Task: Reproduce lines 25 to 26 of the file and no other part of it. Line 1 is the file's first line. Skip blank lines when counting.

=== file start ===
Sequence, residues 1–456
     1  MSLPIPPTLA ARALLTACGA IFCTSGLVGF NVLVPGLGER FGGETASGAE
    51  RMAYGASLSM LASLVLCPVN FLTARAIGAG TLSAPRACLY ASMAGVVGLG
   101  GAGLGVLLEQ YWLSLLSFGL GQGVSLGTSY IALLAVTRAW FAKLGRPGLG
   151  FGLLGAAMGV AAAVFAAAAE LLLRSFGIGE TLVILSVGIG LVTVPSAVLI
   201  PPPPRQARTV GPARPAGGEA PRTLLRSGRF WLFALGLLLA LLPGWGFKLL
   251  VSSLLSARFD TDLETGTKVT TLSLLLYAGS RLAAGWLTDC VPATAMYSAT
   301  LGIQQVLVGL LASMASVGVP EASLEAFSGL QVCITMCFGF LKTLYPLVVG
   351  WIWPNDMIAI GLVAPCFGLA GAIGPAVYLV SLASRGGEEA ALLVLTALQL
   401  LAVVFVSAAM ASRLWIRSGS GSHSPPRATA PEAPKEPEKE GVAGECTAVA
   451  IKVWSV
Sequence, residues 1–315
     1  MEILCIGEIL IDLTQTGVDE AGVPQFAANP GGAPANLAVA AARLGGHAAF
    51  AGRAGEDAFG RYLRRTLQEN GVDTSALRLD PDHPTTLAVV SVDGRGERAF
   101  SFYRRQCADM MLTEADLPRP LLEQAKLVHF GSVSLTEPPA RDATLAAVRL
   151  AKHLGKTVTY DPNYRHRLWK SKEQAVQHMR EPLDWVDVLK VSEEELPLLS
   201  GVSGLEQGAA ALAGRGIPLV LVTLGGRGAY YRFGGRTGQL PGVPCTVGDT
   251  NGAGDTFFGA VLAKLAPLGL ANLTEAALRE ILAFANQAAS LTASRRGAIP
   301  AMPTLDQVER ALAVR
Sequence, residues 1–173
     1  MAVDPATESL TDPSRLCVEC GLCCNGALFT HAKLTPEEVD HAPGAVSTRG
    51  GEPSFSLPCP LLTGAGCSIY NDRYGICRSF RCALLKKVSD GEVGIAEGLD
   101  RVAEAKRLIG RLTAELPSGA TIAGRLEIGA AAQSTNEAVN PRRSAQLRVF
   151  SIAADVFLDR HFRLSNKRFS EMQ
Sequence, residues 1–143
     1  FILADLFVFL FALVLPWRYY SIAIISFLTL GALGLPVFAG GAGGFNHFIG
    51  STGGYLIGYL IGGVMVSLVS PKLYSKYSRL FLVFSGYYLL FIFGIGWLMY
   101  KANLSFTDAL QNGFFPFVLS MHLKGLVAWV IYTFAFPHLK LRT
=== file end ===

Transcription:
Sequence, residues 1–143
     1  FILADLFVFL FALVLPWRYY SIAIISFLTL GALGLPVFAG GAGGFNHFIG